Aestivation is the arrangement inside a bud of the floral parts until it blooms into a flower. Sepals or petals’ arrangement in a floral bud concerning other members of the same whorl is called as
aestivation. Different types of aestivation are:
- Twisted – if one margin of the appendage overlaps the adjacent one, it is twisted, which can either be
clockwise or anti-clockwise. Example – cotton
- Valvate – In a whorl when petals or sepals just touch each other at the margin without overlapping, it is
valvate. Example – Calotropis
- Imbricate – It is imbricate when petals or sepals overlap each other but not in any definite direction as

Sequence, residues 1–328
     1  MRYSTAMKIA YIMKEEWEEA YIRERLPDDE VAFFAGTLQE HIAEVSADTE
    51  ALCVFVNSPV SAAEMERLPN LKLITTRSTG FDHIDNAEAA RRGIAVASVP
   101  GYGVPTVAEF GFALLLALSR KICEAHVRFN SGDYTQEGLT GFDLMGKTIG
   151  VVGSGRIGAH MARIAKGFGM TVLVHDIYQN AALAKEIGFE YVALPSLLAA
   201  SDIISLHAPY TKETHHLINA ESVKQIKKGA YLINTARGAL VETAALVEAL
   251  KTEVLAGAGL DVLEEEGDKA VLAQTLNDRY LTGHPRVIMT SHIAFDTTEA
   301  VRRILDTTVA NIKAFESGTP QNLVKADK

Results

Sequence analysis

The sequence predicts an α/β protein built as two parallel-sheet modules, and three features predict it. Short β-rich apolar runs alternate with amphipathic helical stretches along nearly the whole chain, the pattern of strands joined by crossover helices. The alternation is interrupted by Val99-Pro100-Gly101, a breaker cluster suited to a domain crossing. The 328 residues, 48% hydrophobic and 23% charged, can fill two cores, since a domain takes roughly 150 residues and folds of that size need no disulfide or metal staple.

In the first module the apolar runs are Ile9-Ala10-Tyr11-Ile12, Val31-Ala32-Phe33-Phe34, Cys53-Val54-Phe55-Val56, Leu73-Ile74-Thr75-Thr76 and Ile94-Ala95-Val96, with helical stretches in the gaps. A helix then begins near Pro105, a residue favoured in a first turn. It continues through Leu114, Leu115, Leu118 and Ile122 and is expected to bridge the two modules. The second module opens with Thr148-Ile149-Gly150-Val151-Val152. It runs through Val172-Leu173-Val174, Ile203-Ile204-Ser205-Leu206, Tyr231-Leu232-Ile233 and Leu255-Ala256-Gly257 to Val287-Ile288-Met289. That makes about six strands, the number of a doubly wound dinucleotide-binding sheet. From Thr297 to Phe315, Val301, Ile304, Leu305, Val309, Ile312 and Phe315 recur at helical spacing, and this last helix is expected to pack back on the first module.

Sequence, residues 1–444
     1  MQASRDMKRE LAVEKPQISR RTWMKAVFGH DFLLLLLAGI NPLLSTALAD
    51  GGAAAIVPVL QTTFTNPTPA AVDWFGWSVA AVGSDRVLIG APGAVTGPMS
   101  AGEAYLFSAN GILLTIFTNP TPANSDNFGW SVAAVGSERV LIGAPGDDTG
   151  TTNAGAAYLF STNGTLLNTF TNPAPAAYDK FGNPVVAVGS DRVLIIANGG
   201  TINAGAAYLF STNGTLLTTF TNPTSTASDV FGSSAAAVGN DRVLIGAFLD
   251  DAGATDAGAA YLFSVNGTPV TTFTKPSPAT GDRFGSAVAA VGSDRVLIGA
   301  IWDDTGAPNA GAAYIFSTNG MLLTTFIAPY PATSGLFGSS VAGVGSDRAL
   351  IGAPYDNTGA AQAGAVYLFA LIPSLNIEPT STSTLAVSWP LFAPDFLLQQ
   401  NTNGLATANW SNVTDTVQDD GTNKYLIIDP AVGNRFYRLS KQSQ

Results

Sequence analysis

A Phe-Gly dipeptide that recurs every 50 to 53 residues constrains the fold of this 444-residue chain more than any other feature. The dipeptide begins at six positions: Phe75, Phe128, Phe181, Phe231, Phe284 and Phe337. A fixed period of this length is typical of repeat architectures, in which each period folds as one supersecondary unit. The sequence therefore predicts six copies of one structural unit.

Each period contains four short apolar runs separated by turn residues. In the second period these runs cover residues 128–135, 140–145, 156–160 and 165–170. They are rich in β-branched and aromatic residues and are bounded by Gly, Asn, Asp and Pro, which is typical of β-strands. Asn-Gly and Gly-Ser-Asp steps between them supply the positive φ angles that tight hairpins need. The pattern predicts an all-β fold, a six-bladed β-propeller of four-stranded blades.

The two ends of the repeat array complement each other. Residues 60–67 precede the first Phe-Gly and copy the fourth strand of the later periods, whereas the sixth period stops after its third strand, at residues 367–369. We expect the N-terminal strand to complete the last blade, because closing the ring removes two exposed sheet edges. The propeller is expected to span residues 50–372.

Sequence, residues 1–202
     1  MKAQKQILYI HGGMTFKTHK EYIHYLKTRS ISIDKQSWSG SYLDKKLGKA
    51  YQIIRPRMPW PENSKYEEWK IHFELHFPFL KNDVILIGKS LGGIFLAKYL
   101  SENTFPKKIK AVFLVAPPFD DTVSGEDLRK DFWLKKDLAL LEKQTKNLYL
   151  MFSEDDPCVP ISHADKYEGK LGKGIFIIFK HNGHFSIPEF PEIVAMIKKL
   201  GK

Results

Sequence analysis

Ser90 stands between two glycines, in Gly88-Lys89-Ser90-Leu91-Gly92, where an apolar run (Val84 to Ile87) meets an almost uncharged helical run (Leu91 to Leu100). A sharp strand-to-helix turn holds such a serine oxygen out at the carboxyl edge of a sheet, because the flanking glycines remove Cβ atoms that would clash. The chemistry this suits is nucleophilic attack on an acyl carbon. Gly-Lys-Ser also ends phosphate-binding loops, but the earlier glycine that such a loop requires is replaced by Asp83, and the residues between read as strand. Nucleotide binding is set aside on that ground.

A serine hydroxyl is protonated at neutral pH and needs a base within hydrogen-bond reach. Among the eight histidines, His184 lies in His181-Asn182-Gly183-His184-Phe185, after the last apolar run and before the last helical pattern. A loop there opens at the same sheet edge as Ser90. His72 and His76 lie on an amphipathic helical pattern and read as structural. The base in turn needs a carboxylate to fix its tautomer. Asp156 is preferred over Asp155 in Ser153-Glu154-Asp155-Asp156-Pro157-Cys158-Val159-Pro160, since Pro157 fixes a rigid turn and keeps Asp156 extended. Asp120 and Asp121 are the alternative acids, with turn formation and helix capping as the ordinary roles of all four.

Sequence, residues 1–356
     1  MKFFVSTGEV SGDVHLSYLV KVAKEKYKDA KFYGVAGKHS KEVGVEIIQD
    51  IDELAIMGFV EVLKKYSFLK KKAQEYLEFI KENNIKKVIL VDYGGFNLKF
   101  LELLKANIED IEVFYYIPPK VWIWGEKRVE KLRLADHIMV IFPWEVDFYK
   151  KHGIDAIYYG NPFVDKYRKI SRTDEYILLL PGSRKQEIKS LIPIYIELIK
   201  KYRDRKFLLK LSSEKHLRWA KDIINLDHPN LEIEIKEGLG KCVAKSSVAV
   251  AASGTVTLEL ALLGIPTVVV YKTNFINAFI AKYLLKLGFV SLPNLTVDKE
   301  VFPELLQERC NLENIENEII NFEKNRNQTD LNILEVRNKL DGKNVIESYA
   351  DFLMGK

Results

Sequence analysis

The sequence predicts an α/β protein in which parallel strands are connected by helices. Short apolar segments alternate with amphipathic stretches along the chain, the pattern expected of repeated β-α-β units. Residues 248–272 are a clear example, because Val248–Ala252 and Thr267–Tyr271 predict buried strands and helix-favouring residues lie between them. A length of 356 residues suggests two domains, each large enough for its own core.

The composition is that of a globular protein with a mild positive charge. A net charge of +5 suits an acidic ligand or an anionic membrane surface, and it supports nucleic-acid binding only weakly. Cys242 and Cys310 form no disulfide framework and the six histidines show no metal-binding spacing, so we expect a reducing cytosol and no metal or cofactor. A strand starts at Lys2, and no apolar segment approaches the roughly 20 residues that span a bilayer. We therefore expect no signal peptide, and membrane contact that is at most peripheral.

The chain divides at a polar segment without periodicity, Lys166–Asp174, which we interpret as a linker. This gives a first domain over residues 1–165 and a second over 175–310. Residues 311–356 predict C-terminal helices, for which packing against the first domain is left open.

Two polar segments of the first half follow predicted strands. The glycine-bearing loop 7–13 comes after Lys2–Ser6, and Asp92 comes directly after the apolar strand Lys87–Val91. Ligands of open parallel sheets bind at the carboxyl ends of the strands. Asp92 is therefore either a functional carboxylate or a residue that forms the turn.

observed in Gulmohar
- Vexillary – The largest petal overlaps the two lateral petals which in turn overlap the two smallest
anterior peel is vexillary aestivation. Example – Bean flower
Vexillary aestivation is the unique arrangement where the other smaller petals are covered by one large petal. The larger petal is called a vexillum, while the two curved petals which are laterally positioned are called wings. In this destination, the two inmost, boat-shaped petals are called keels.
Examples: Polypetalous, papilionaceous.